28. Hi Steve,

    What a beautiful picture and caption .. love it to the bone.
    You give me the inspiration to do the same thing with my pict collection and do the practice ..

    Thank you for sharing that such a beautiful picture .. two thumbs ups

  29. james lalsiamliana Says:

    An amazing expressions on Faith…

  30. Sandeep Soman Says:

    the photographs are amazing! I feel lucky to have seen these images!!

  31. This is an incredible post. I keep coming back to it. No way can I delete it. What a fabulous affirmation of our spiritual diversity.

  32. Love those pictures.
    I’m photographing a lot this “subject”. Faith is the good word to name it.

  33. Expertise, hard work and experience of 30+ years …

    The best collection, one can find on web…

    Thanks for sharing,

    Regards,
    Pawan

  34. Tapan Verma Says:

    Steve I will first thank you to share such good image with us. In fact the theme “Religion” is a very difficult to capture with a grace. You have captured many religions of the world with dignity. I am speechless to praise them all.

  35. As much as I disliked St. Aquina and religion during my study in philosophy, I do think that faith displays a person’s determination, character, and their way of life.

    My favorite shots are the Afghan Girl, Shaolin Monks, Sri Lanka, and Tibetan Prayer.

    Great work as always. I really learned a lot by looking at your blog. Both photography and journalism.

  36. Always amazing lighting, Always amazing color.

    McCurry is a robot that was created in the basement of NatGeo.

    Always give me something to strive for and sets a great example.

  37. Faith is love for humanity and for the good of all-

    I painted a 4th century monastery in Armenia with a strong shaft of light bleeding onto an iron stand with three lit candles- to me hope and faith intertwine in temples and help keep us going no matter our religion or race- it us a belief in ourselves…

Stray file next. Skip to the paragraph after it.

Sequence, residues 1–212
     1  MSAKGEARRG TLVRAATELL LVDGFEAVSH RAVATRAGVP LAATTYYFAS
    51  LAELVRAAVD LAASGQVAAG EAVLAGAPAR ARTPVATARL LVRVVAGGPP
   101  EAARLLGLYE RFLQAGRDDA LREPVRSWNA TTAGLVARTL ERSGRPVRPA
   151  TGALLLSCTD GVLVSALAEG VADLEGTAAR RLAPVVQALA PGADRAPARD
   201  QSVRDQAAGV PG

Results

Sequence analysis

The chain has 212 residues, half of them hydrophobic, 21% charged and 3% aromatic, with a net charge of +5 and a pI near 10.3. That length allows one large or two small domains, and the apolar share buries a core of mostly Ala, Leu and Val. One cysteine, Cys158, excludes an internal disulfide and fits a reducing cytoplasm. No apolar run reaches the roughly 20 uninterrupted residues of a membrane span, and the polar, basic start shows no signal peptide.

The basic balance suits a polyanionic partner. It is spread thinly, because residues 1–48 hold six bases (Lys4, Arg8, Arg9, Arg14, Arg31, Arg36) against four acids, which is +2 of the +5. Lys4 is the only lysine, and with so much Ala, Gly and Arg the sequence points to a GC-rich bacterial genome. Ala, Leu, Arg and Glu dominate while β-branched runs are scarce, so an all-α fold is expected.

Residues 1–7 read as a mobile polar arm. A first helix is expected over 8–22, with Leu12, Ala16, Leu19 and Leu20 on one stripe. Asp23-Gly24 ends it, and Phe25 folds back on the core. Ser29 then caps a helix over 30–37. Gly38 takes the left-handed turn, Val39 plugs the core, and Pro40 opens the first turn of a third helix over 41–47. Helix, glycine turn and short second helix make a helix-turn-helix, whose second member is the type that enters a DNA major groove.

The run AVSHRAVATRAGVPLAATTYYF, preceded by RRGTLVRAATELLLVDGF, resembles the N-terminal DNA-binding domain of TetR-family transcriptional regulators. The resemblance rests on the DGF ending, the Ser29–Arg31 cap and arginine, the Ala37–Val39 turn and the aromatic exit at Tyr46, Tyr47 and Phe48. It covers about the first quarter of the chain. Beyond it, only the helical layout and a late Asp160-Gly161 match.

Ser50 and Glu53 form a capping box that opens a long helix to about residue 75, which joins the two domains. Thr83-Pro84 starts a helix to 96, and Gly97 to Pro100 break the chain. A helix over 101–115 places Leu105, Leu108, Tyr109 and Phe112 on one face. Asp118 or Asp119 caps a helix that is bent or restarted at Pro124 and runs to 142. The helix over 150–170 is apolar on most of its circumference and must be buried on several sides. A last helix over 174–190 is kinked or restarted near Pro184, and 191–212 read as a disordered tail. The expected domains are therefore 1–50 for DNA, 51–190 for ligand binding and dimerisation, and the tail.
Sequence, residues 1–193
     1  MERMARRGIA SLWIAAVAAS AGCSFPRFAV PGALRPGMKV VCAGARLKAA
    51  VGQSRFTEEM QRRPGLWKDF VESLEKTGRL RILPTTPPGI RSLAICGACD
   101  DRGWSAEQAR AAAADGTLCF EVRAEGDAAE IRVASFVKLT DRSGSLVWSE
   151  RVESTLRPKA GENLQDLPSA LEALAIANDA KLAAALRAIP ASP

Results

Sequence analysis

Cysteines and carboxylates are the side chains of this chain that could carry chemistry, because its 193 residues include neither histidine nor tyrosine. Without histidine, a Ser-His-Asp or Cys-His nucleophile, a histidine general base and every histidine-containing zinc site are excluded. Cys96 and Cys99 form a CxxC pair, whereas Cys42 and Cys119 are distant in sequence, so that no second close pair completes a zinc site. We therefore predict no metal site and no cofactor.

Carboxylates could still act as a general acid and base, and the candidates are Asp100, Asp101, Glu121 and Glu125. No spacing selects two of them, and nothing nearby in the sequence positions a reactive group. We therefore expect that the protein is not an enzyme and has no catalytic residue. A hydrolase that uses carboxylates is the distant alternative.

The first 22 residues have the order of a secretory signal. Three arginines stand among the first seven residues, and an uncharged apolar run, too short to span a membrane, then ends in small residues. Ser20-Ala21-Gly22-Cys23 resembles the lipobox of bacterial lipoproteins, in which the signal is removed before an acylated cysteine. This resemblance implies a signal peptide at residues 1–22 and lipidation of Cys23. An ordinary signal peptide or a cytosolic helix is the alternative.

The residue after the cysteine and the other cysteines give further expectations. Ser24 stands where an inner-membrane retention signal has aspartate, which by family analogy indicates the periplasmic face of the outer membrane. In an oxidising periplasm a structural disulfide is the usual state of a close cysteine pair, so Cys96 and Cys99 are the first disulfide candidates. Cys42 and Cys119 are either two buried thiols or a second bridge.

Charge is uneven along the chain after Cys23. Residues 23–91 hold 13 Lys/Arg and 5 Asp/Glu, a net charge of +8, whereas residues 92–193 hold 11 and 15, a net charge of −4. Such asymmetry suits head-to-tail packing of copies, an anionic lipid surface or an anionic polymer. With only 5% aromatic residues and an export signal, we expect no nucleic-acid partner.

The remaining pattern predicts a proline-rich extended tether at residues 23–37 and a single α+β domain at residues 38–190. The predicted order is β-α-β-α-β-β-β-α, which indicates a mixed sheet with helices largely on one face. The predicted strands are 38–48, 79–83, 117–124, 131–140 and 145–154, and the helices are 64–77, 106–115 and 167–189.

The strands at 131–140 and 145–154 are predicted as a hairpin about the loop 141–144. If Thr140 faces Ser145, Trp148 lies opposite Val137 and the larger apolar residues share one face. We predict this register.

38. Thank you, Steve! I’ve been a silent observer of your blog for quite some time but today’s series touched me really deeply, so I decided to cross the Rubicon and finally say something.

    I especially like the first image in this series. This little Afghan girl is so vividly and convincingly represents the theme! She obviously belongs to a certain religious tradition and is supposed to pray in certain established ways, yet her expression is very open and natural. Her sincere, curious look sort of flies above all traditions and just shows the pure and tender human soul. Such a beauty! Such a beauty!

    And the almost monochromatic tone and framing of the picture gently lead the feeling in the right direction. I love it, Steve! So far, this picture has become one of my very favourites, along with the Bombay woman beggar with a child and the Rajasthan swirl of colourful women in the dust. These three pictures just stand out for me, giving me the wonderful feeling of Life and Human Soul.

    As for faith and religion, we are not bound by anything, like this little girl. We’re free to fly! And your Afghan Girl will always remind me of that.

    Cheers,
    Greg Shanta

  39. Love the shaolin´s one.
    The first one of one of my projects has the spirit of this post.

    http://ro200000.com/projects/ecuador–ruta-del-sol/

    Thanks for sharing !

  40. Steve, your pictures are great and I think you want to show us the “hope side” of faith, which from my point of view is good.
    I think the world would be a much better place if faith would be replaced by love, reason and the perspective that science gives us.

    (We reserve the right to edit/shorten comments)

    • Science gives us love?. Jordi, that sounds kind of strange…

      Here’s my two cents on Religion vs. Science:

      http://www.flickr.com/photos/gregshanta/5444637969/lightbox/

      I hope you get the sarcasm of the picture. I grew up in Soviet Russia where we never took ‘scientific atheism’ seriously and Faith was the only way to stay sane for millions of our people. It was the only quiet resistance available that allowed one not to turn into a government-controlled hard-working biological mass. Ironically, the more oppressed a society is the more it breeds Faith behind the scenes.